Monday, December 10, 2018

The Big Money




While most present-day broken chains tend to operate similarly, occupying some space of the broken chain spectrum ranging from decline under ownership of an inept corporate parent to a state of being completely defunct, the overarching story of how each chain got to its current state tends to be much the same, regardless of which chain I write about. It’s usually some combination of a series of changing market trends and poor business decisions that causes a chain to decline sufficiently to be worthy of my attention. Where the stories differ is in the founding of each chain.

For every business that is the result of long hours of labor by an individual, or a small group of partners, there’s another that’s the creation of a faceless corporate overlord, filtered through marketing departments and focus groups before opening its doors to the public. Despite efforts to the contrary, these brands created by committee can fail just as spectacularly as their grassroots counterparts. Some were so ill-conceived that they barely existed at all. That’s the case with Spageddie’s, a little chain created by a big company.

It was the early ‘90s, and Brinker International, parent company of Chili’s and a litany of other restaurant chains off and on over the years, was looking to expand its portfolio of Italian restaurant concepts to compete with General Mills’ Olive Garden. Brinker had recently acquired Romano’s Macaroni Grill and was interested in creating a downmarket companion Italian chain to compete in more segments of the market. Spageddie’s was their effort to fill this gap. A test location opened in Plano, Texas in 1992. From there, Spageddie’s grew to around 20 corporate and franchised locations stretching from Florida to Michigan, each boasting a menu developed, in part, by Brinker executive chef Johnny Carino, who would eventually go on to leave Brinker to start his own restaurant chain. Poor sales led Brinker to sell off Spageddie’s in 1997. Quality Dining Incorporated, a Chili’s franchisee, and perhaps the only Spageddie’s franchisee was the buyer.



Following the ownership change, Spageddie’s locations slowly closed over the next two decades eventually, leaving just one location open in Lafayette, Indiana. On my way out of town the day after eating two meals at nearby Dog ‘n Suds locations, I stopped by for lunch to see what the world’s last Spageddie’s had to offer. I was taken by surprise when I saw the building’s facade didn’t match what I had found on Google. It seems the quintessentially ‘90s structure had undergone a renovation since the photo was taken. The building had been toned down considerably compared to its initial appearance and foreshadowed an utterly generic experience.


It was just after opening, 11:00 on a Sunday, and I was quickly shown to a table. Every trope of Italian restaurant decor surrounded me. Plastic grapes spilled out of a wooden wine press, while giant wooden circles on the wall symbolized casks of Italian wine in the next room, though the only thing present on the other side of the wall is the parking lot of the Quality Dining-owned Chili’s next door. Italianate bottles of mystery liquid adorn nearly every flat surface in the place. The walls were painted to resemble Tuscan Marble, but whole setup felt about as Italian as the Super Mario Brothers, and as generic as Pong.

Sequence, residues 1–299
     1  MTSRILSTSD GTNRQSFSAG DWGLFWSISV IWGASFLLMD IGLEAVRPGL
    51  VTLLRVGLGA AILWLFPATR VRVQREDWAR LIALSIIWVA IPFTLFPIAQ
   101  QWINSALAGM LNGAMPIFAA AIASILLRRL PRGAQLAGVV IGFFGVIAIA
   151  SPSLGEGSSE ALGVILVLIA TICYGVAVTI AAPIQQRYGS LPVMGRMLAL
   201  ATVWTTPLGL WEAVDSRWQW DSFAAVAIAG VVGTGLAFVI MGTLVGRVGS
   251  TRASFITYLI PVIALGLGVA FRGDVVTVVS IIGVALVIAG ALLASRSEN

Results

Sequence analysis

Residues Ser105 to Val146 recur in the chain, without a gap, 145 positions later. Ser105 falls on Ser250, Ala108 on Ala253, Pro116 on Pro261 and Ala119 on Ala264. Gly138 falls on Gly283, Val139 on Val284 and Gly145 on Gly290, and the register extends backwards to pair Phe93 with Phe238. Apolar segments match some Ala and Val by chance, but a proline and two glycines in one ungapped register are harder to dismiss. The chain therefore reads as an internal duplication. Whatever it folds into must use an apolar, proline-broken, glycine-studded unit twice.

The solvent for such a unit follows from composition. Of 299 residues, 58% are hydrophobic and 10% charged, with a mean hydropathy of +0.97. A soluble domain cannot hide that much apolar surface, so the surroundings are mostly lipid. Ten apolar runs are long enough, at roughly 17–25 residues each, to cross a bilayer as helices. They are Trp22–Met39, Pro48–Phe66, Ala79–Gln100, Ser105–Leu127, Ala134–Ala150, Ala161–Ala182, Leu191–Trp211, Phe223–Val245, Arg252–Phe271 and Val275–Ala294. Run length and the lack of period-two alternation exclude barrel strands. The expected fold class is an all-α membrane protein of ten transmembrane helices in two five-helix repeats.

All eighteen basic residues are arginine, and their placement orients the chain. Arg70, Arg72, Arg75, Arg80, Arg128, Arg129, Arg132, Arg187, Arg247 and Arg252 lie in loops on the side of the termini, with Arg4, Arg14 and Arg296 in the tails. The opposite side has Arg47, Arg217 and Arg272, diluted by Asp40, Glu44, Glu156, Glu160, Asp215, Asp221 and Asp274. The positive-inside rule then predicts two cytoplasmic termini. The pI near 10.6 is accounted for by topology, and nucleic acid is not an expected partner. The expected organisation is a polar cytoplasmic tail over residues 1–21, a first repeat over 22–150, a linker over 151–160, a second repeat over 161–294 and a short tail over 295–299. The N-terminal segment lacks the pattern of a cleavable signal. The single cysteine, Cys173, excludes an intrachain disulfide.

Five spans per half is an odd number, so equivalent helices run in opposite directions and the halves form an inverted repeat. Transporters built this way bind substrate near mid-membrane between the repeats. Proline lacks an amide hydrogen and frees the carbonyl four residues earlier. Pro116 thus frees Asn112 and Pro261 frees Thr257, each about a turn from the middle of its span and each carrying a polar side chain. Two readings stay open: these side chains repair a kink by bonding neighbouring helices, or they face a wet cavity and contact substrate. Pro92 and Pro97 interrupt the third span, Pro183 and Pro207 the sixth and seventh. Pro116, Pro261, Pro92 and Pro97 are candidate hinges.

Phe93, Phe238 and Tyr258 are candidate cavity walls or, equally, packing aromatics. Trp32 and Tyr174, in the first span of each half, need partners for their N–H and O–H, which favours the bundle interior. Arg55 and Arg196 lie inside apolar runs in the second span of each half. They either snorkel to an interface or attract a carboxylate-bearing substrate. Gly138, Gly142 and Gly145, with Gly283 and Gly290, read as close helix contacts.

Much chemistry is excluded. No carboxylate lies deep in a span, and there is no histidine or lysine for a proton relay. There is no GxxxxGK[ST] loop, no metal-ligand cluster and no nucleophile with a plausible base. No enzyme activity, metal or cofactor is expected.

What can this strange device be? When I touch it, the manager tells me to knock it off. 
The view from my table. 

My server arrived and presented me with a complimentary appetizer, a loaf of bread which came with a plate of toasted garlic and olive oil. She also presented me with a menu that had no writing on the front cover. Inside the names of the menu items made repeated references to “Papa.” As I suspected, the last operating Spageddie’s seems to have an identical menu to Papa Vino’s, Quality Dining’s other Italian concept, which has two locations of its own in operation nearby. After thoroughly inspecting the menu, I ordered chicken Parmesan, my go-to Italian restaurant order, and was a little surprised when the server failed to ask any follow up questions about my preferred salad and dressing. Unlike every Italian restaurant ever, a salad doesn’t come with your entree at Spageddie’s. This is one of the few attributes that made Spageddie’s feel unique. It’s a shame it wasn’t a positive one. 

No-name menu


Yes, I kept the paper wrapper. It'll get framed and hung on my wall eventually.

When my order arrived, I noted it’s generous portion with three large chicken cutlets on a bed of pasta. I would have rather had a smaller entree and a salad, but near as I could tell, that wasn’t an option. The execution of the food was competent, but unremarkable beyond its size. I managed to eat about half of it before I threw in the proverbial towel. 

So much dense food. 

 
An otherwise underwhelming experienced was brightened by the bathroom wall which was adorned with larger than life, photo-realistic pizza wallpaper. I found myself wishing that the distinctive toilet pizza aesthetic extended to the whole bland establishment. Sadly, I can’t see this uninspired iteration of Spageddie’s ever escaping small town Indiana obscurity. There’s still a glimmer of hope for the Spageddie’s brand, though.